- Fizzy Thoughts: memories of Paris

memories of Paris

Sunday, February 03, 2008

Angie asked me if I had ever been to Paris, so I thought I would use her question as today's prompt.

I have been to Paris twice, but very briefly both times. The first time was in the summer of 1990, when I was a college student doing the typical "how many European cities can I see in seven weeks with a Eurail pass" trip. The second time was three years ago, when we did an overnight trip from London.

I remember very little from the first trip. I still have the pictures, but in a moment of sheer stupidity, I threw away the travel journal I kept. I was with my college roommate, Deanne, and another friend, Carol. Deanne and I traveled the whole summer together. Carol was with us for just the first week of trip, before she went on her own way. We climbed the stairs up the Eiffel Tower, we got caught in the rain outside Notre Dame, we saw the Mona Lisa and Rodin's Thinker, we visited Pere Lachaise and ate lunch on someone's grave and gaped at all the graffitti on and around Jim Morrison's grave, and we saw the colorful duct systems at the Pompidou Centre (it's funny the things a brain remembers). And we rode the Metro. I'm pretty sure I got lost in the Egyptian Antiquities section of the Louvre, but we were in an awful lot of museums that trip, so I could be confusing that with another place.

The second time I went to Paris was in 2005. My mom and I, along with my aunt and uncle, went to London for 3 weeks. I have part of this trip written up in a SlowTrav Trip Report...it's been sitting unfinished for a year. However, I did write a page about Paris, so I'm just going to copy and paste what I wrote:

I have a confession to make...the thought of Paris just doesn't knock my socks off. But, the rest of the gang really wanted to see Paris on this trip. So I made arrangements for an overnight trip. Definitely not slow travel, but I was calling the shots and I didn't want to spend anymore time than that away from London. The goal was to see the major sites and give everyone a feel for the city. When planning our trip, I went ahead and booked our Eurostar tickets, and I found a hotel recommended by Rick Steves on the Rue Cler, a pedestrain only street close to the Eiffel Tower.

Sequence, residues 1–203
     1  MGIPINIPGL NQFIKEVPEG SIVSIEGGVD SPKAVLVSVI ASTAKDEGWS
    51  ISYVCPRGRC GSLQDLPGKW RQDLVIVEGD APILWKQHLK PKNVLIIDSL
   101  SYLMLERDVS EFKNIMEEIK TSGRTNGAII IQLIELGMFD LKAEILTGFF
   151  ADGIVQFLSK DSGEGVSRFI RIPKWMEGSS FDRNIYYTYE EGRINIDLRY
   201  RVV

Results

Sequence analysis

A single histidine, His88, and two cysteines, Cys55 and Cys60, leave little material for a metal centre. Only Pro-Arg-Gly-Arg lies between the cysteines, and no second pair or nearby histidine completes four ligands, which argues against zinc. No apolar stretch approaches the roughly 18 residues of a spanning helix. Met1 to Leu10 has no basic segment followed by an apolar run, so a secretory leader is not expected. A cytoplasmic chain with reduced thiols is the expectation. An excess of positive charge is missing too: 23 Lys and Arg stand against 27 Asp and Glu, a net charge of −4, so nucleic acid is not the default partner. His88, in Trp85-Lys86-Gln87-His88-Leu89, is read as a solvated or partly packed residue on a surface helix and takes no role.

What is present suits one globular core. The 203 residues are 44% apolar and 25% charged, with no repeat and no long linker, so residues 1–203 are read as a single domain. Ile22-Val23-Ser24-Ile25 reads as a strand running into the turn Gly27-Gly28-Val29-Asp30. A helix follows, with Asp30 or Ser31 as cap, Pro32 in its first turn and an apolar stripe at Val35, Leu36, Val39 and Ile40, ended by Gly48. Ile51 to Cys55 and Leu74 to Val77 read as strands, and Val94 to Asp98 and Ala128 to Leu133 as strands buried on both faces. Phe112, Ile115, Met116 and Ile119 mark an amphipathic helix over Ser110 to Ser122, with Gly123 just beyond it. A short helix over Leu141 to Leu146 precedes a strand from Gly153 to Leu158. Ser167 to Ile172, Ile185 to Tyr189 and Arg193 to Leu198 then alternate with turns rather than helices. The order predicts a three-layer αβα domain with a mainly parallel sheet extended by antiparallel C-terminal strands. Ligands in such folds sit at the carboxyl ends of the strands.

We got up at 4:15am to catch the 6:30 Eurostar train to Paris. Luckily, the Eursotar terminal was at Waterloo, the station nearest to our flat. (Note: the Eurostar terminal will move to St. Pancras in 2007.) With the time difference, we arrived at Paris at 10:30. I slept for most of the trip through the Chunnel, so I didn't have to think about the fact that I was underneath the Channel. That thought kind of gives me the willies.

After our arrival at Gard du Nord, we spent way too much time looking for an ATM. I was starting to have visions of us camping in Gard du Nord for the next day and a half, until we finally discovered one lonely ATM hiding in a corner. Armed with euros, we were able to hop a cab for the Rue Cler, where I had booked two rooms at the Grand Hotel Leveque. We got lucky too, with the cab driver...he spoke English and pointed out a few sights along the way, such as the Paris Opera and Place de la Concorde. After we checked into the hotel, we headed out for lunch at Tribeca. I had wine and quatre fromage pizza. Italian food in Paris. But the food was good and we sat outside at a little table watching people stroll by.

After lunch we headed off to the Eiffel Tower, a 10 minute walk from the Rue Cler. After staring up at the tower and getting dizzy, we got on a Batobus to float up the Seine. This is one thing I had not done on my prior visit to Paris, and I gotta say, it's the way to go. We got off at Notre Dame and walked through the Cathedral, then wandered through the streets of Ile de la Cite. After an important stop for ice cream (apricot), we headed back to the boat, stopping to check out the risque postcards the booksellers along the Seine had for sale. I actually fell asleep on the boat on our way back. It was warm, I was sleepy... and I still can't believe I fell asleep.